On a recent weekend I was doing some fall cleaning when I uncovered my old T-shirt from the Million Mom March, which took place on Mother's Day in 2000. I held up that shirt, with its pink and black logo, and remembered walking on the National Mall with my 5-year-old son on my shoulders, full of hope that a group of like-minded mothers and others could make some sense out of what felt like chaos with respect to guns. I believed that guns were bad, full stop. Why couldn't everyone see that?
This morning I went to the gym, which means that sometime after I put on my running tights but before I actually broke a sweat I texted my 19-year-old son the following message: "At gym need music till 10." Because the sun had been up for only three hours, it's quite possible my college-student son was still sleeping. But I didn't want to take any chances.
The other night I had dinner with my friend Kim, who in midlife is endeavoring to change her career. She has spent decades as a successful photographer, but she knows it's time to do something different. What, however, is she qualified to do, besides photography? "I'm good at parties," she told me with a shrug. "And parallel parking." We refilled our wineglasses and laughed really hard as we dreamed up the various careers in which that particular combination might be useful.
Muck Rack makes it simple to find people, tweets, or articles that mention any name, keyword, company, hashtag etc. We've compiled this guide to help you make the most of your search.
Selecting a term
Start searching tweets, articles from media outlets, articles mentioned in tweets, journalists'
names, titles and bios with some suggested searches:
Companies or Topics (e.g. iPhone, Microsoft)
Phrases (e.g. "cloud computing") — use quotes to keep the terms together
Twitter handles (e.g. @username) — returns those who have mentioned or replied to
Names (e.g. "David Pogue")
Hashtags (e.g. #sxsw, #london2012)
Bio details (e.g. vegan, Olympics, father)
Muck Rack's Advanced Search allows for many boolean operators.
Find results that mention multiple specified terms, use AND or
+. For example, ensure each result contains both Elon Musk and Mark Zuckerberg by
searching Musk AND Zuckerberg or Musk + Zuckerberg.
Use the operators OR or , to broaden your search when you'd like either of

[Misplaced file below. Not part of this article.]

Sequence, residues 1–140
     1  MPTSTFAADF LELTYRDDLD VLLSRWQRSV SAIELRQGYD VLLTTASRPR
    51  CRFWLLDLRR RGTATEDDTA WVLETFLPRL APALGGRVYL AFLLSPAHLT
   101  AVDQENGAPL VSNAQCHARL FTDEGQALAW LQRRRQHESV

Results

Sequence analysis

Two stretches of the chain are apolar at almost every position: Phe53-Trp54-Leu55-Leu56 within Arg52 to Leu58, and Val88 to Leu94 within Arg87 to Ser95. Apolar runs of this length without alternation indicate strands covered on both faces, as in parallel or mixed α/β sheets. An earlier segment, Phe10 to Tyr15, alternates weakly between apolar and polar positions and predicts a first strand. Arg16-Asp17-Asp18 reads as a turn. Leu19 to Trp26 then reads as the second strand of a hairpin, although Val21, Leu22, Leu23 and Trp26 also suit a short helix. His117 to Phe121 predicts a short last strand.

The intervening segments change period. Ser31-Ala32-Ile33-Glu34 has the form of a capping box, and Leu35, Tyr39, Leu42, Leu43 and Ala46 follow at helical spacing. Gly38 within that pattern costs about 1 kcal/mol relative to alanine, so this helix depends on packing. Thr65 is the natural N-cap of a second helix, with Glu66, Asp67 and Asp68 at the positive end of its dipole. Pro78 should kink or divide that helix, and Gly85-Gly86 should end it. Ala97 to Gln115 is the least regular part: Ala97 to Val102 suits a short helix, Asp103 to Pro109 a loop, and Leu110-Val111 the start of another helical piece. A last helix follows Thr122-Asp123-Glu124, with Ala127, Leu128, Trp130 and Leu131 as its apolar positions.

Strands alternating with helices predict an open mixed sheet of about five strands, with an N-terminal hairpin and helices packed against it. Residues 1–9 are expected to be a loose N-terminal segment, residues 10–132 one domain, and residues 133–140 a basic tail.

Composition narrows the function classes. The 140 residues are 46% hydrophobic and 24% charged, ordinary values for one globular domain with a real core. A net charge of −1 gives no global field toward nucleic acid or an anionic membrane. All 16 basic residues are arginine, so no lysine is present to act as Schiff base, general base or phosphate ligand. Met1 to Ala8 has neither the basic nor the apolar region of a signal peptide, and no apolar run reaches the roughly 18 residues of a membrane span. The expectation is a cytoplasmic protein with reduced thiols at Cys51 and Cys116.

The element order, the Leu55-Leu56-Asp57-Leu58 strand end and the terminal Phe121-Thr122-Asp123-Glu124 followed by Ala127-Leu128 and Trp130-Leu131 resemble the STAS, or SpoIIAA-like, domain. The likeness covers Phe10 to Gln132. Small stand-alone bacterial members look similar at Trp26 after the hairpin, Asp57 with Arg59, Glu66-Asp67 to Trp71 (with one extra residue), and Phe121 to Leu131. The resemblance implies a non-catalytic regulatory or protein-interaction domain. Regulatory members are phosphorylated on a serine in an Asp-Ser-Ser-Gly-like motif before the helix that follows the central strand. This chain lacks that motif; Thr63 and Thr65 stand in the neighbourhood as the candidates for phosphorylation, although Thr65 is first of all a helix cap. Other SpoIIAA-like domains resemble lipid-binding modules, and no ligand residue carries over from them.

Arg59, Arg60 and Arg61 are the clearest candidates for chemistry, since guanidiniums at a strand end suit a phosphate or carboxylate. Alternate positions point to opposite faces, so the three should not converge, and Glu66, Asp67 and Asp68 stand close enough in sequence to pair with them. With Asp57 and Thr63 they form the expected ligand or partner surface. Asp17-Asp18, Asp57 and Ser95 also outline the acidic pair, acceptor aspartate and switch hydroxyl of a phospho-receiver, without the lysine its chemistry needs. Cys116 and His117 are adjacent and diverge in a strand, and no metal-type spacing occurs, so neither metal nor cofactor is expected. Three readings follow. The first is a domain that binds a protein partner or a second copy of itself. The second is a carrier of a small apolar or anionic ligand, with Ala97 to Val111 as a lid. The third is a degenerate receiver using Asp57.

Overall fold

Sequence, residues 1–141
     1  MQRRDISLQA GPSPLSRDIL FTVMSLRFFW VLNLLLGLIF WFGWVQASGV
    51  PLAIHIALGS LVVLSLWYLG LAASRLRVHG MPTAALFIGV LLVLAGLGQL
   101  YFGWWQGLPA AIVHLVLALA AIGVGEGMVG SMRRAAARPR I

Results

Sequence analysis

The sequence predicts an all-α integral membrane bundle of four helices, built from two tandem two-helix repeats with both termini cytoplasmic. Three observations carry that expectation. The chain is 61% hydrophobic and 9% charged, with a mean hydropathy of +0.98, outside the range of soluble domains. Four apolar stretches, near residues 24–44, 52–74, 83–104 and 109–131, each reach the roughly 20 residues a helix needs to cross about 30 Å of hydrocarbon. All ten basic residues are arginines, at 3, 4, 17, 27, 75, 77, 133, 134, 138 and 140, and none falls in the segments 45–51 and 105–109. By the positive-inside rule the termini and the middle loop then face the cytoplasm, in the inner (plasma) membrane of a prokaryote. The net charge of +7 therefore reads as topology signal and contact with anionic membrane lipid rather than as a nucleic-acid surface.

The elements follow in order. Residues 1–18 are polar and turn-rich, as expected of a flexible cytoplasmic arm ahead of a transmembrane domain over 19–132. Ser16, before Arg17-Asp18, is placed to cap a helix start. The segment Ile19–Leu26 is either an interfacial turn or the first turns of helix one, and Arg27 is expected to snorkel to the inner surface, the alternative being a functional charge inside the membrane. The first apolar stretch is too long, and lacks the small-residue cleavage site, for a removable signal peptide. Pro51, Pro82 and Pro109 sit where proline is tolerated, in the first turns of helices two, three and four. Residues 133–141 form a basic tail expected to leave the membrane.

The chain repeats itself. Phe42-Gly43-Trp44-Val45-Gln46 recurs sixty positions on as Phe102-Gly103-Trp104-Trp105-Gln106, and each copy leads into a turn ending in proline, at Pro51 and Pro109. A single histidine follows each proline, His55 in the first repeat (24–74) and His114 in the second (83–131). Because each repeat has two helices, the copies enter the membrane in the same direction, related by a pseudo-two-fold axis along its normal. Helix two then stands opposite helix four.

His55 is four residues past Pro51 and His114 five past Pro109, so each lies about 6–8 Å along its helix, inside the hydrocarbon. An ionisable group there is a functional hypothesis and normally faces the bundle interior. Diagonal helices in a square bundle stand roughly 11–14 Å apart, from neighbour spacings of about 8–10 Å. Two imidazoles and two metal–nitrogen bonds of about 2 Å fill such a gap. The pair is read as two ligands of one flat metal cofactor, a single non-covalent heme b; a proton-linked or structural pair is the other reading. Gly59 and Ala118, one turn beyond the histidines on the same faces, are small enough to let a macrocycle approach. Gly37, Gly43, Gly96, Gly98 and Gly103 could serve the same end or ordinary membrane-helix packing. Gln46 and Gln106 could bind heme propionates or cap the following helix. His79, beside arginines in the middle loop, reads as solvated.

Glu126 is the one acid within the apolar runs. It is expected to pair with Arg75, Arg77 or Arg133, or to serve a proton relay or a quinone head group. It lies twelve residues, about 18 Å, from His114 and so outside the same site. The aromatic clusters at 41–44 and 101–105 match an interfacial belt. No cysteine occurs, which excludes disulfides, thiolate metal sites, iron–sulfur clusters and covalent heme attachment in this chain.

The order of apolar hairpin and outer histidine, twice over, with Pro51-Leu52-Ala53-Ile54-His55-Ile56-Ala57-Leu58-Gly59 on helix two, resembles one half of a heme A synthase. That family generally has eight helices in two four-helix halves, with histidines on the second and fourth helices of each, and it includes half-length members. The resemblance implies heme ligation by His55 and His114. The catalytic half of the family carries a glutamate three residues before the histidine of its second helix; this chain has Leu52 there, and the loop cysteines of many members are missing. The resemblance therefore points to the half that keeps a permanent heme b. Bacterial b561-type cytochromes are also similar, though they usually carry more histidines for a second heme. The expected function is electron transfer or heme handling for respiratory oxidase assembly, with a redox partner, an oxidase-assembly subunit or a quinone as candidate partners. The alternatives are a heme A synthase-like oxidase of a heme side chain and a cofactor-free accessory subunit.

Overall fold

multiple terms to appear in results. (This is the default behavior of our search when no operators
are used). For example, results will contain either cake or cookie by searching cake OR cookie or cake,cookie
Use NOT or - to subtract results from your search. For
example, searching Disney will yield results about the Walt Disney Company as well as Walt Disney
World Resort. To exclude mentions of Disney World, search for Disney -World or Disney
When using one of these operators with a phrase, enclose it in quotation marks. For example, you can
find results about smartphones excluding Apple's iPhone 4S by searching smartphone -"iPhone
Exact case matching or punctuation
If you're searching for a brand name or keyword that relies on specific punctuation marks or capitalization, you can
find results that match your exact query by adding matchcase: before the keyword you're searching for, like matchcase:E*TRADE .
Use parentheses to separate multiple
boolean phrases. For example, to find journalists talking about having fun in Disney World or
Disneyland, search for ("disney world" OR disneyland) AND fun.
An asterisk can be used to search for any variation of a root word truncated by the asterisk. For example, searching for admin* will return results for administrator, administration, administer, administered, etc.
A near operator is an AND operator where you can control the distance between the words. You can vary the distance the near operation uses by adding a forward slash and number (between 0-99) such as strawberries NEAR/10 "whipped cream", which means the strawberries must exist within 10 words of "whipped cream".